so much o owe you! until I read your report i knew nothing about this place

Wed, Feb 27 2008 - 11:49 AM rating by frenchfrog

Fantastic report, smashing,. good info...

Mon, Feb 11 2008 - 12:33 PM rating by rangutan

A gem of a report. The "ten churches" is mentioned very often, perhaps alternate using "the churches" and "the ten"? Nevertheless fantastic new information.

Sun, Feb 10 2008 - 10:16 PM rating by mistybleu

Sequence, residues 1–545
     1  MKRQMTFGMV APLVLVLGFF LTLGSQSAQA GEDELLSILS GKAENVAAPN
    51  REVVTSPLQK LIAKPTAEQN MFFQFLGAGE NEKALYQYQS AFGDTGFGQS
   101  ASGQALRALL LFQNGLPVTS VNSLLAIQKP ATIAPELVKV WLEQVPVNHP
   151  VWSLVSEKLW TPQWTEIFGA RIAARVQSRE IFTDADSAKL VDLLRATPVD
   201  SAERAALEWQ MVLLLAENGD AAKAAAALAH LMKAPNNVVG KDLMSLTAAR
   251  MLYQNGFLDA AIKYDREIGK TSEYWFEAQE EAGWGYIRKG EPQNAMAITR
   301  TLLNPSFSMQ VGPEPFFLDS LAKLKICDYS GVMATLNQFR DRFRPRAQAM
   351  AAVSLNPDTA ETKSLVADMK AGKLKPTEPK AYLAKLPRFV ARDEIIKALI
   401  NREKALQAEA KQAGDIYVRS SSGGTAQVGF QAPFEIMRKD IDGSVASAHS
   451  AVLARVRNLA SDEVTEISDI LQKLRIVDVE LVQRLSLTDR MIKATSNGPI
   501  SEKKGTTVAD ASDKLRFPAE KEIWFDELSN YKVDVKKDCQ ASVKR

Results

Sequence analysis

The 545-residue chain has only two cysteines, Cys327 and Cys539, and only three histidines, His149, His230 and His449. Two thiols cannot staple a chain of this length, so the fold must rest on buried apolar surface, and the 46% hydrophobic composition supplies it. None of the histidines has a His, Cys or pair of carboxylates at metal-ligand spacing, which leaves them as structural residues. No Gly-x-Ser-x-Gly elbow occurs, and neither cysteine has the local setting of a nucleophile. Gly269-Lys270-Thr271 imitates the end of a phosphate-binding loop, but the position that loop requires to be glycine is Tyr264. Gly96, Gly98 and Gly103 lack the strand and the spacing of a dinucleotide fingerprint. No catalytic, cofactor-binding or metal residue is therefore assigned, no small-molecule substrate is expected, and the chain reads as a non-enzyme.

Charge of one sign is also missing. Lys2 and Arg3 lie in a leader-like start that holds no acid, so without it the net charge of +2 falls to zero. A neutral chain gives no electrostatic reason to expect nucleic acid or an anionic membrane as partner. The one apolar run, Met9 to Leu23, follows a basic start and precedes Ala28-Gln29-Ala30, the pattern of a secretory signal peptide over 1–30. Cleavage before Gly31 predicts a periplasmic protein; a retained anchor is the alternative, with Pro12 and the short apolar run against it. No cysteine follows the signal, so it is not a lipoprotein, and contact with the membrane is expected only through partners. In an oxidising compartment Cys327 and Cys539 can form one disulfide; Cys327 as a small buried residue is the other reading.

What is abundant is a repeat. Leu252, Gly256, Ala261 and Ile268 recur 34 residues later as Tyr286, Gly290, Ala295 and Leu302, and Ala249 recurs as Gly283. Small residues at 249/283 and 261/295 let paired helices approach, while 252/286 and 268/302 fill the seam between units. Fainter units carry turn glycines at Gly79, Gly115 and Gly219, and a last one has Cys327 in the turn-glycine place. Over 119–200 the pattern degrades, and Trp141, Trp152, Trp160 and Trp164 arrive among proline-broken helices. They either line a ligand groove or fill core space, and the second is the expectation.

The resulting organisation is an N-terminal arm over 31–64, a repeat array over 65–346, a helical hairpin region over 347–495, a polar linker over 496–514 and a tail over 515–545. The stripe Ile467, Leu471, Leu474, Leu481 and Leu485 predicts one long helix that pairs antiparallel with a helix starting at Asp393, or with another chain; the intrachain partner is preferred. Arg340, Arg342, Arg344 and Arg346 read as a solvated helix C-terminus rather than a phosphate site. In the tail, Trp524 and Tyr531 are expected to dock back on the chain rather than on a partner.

This is my favourite of all your reports. I've always wanted to visit St George's church.

Sun, Feb 10 2008 - 06:43 PM rating by adampl

A very interesting report on an unknown place. Hope to read more from you.

Sun, Feb 10 2008 - 06:28 PM rating by jorgesanchez

Another of your amazing reports. Waiting for more!